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Published: 29 May 2018

Meet the academic: Professor Jim Al-Khalili

Theoretical physicist, author and broadcaster Professor Jim Al-Khalili studied for his own undergraduate degree in physics at Surrey. Here he explains what most inspires him about the subject and why he’s so passionate about sharing the mysteries of the universe with others.

Professor Jim Al-Khalili

What first inspired you to study physics?

At the age of about 14 – when my life was all about football and music – I did very well in a physics exam and the teacher pulled me up to the front of the class to praise me. Instead of being embarrassed, I remember thinking it was quite cool that I was good at physics. I realised that physics was, above all, about problem solving, and it helped you to learn about the really big, profound things. From then on, football and music became my hobbies and physics was what I wanted to do.

Why did you decide to study at the University of Surrey?

I looked at all the universities with a solid reputation for physics and Surrey seemed to be the one that had its finger on the pulse of new technology. There was a practical reason too: I didn’t want to live too far away from my girlfriend. It was the right decision because we’ve now been married for 31 years!

What are your favourite memories of your time as a student here?

My best non-academic moment was playing in the five-a-side physics department football team – the ‘Photons’ – and somehow ending up in the inter-departmental final against the sports hall staff team, who were all super fit. Our fellow students came along in force to cheer us on and, although we were narrowly defeated, it was a great bonding experience for our year group.

Academically I had an unforgettable lightbulb moment when our lecturer went through the algebra behind electromagnetic fields. He ended with an equation, out of which popped the speed of light. The beauty of the algebra genuinely sent a shiver down my spine.

What area of physics inspires you the most?

Theoretical physics, particularly nuclear reaction theory. Having nearly electrocuted myself while cleaning the inside of glass vacuum chambers during my Professional Training year, I decided that theoretical rather than experimental physics was for me!

One of the areas I’m currently focused on is quantum biology: trying to understand the role quantum mechanics play in the natural world. This is a fascinating new field which could explain strange phenomenon such as how birds navigate.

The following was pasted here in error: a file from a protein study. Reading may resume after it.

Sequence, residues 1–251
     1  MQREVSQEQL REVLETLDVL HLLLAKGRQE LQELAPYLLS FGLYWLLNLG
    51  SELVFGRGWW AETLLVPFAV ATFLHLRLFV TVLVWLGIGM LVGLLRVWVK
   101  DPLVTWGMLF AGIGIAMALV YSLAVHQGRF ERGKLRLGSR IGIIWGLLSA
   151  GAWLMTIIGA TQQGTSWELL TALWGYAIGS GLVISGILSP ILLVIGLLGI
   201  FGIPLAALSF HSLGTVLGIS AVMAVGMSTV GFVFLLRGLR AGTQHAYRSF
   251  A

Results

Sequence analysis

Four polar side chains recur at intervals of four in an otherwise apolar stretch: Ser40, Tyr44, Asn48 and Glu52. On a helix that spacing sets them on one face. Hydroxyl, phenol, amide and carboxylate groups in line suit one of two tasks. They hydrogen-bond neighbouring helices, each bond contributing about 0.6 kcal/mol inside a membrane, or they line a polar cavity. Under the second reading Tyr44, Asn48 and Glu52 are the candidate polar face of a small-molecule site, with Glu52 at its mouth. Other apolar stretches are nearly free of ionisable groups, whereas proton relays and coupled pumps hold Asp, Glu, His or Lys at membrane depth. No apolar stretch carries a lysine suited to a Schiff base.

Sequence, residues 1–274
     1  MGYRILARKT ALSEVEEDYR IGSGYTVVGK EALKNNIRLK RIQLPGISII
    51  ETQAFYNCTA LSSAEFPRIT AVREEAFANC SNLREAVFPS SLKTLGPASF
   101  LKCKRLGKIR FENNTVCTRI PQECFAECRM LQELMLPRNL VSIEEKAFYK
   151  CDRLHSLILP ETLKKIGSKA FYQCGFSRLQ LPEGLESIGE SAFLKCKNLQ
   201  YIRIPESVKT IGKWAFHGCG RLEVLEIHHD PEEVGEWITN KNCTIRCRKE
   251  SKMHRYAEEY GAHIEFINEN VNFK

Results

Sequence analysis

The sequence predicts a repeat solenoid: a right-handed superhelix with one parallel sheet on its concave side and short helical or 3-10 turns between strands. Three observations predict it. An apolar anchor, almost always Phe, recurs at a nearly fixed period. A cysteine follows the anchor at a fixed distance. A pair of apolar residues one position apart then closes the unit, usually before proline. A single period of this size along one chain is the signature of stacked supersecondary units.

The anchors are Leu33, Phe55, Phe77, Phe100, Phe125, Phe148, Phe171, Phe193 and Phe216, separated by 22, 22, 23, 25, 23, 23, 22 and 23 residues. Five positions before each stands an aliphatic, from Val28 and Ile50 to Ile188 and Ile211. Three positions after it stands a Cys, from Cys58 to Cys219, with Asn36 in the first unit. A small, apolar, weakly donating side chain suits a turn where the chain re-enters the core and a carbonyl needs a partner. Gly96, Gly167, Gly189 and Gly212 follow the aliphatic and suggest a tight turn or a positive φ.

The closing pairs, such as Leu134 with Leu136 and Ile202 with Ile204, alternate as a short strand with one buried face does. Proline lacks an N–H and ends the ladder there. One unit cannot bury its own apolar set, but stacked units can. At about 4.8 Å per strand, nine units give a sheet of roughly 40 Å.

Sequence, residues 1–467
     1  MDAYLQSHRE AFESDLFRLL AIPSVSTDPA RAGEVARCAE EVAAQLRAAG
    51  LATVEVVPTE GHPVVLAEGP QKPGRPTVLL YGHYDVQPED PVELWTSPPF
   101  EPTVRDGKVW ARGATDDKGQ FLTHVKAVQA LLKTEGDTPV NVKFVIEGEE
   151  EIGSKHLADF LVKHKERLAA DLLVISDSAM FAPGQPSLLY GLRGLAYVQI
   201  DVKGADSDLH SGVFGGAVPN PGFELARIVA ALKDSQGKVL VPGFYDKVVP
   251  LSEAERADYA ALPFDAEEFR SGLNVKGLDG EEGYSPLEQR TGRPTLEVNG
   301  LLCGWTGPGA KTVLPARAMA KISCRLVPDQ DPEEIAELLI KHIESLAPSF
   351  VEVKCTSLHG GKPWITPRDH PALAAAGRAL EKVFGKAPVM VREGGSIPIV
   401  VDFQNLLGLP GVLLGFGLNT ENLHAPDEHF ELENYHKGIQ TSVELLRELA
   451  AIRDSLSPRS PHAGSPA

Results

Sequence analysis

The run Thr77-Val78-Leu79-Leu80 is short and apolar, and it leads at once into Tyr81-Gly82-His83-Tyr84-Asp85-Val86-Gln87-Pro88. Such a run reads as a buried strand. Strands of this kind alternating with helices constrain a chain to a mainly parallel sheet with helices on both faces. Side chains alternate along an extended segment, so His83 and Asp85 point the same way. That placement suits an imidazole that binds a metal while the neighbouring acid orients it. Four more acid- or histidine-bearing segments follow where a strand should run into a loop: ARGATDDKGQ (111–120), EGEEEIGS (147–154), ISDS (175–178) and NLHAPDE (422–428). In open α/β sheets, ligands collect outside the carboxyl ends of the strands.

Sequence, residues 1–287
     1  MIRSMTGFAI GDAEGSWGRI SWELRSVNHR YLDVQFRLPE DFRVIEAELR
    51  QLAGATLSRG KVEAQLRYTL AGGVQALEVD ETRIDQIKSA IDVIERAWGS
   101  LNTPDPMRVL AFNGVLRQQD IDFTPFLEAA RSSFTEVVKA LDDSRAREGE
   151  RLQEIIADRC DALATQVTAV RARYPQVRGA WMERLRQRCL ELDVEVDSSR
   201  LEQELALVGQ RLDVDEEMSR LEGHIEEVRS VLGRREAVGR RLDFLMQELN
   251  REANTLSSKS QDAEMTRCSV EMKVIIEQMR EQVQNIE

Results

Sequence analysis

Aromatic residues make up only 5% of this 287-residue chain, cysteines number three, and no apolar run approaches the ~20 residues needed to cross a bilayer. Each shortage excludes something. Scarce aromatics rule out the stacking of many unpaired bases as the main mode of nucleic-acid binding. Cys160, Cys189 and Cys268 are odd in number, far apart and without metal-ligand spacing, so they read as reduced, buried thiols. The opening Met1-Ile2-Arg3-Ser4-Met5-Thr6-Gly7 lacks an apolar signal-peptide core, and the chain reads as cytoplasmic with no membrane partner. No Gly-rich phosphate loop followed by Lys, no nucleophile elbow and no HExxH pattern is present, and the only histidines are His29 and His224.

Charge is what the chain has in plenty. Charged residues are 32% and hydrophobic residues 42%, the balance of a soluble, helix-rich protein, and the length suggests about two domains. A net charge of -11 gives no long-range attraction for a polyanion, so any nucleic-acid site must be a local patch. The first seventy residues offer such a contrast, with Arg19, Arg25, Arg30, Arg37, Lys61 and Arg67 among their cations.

How long have you taught physics at Surrey?

I’ve been teaching undergraduate physics here continuously since 1992. It’s a real pleasure to see students engaged and interested in some of these fascinating topics at the boundary between abstract maths and the real world. One of my lectures is typically late on a Friday afternoon so we end up with doughnuts and me talking about my physics hero, the late Richard Feynman. It’s lovely that generations of Surrey physics graduates tell me they still recall these ‘Feynman Fridays’.

Your popular books and TV programmes have brought physics to the general public. How did you get into public engagement?

I’ve always liked explaining concepts in non-technical terms – which probably began when I was sitting in the pub with my friends, most of whom weren’t scientists, and trying to tell them about my work.

Alongside my career as a researcher I did radio interviews and schools talks which I very much enjoyed, but it was never my plan to become a broadcaster. Then in 1997, I was chosen to give the Institute of Physics’ schools and colleges lectures and, on the back of that, I was asked to write my first book (on black holes) and found I enjoyed writing. The TV work with the BBC started about 12 years ago and has been great fun.

Why is physics such a good degree subject?

A physics degree teaches you a way of thinking, problem solving, and developing an evidence-based curiosity about the world that means pretty much anything is open to you. We urgently need more people with a science background in politics, the health service, education and business.

What makes a good physics student?

I believe that enthusiasm and motivation are as important as being good at maths. While you need to be able to get your head around the algebra and equations, your reason for studying physics should be that you find the subject fascinating.

 

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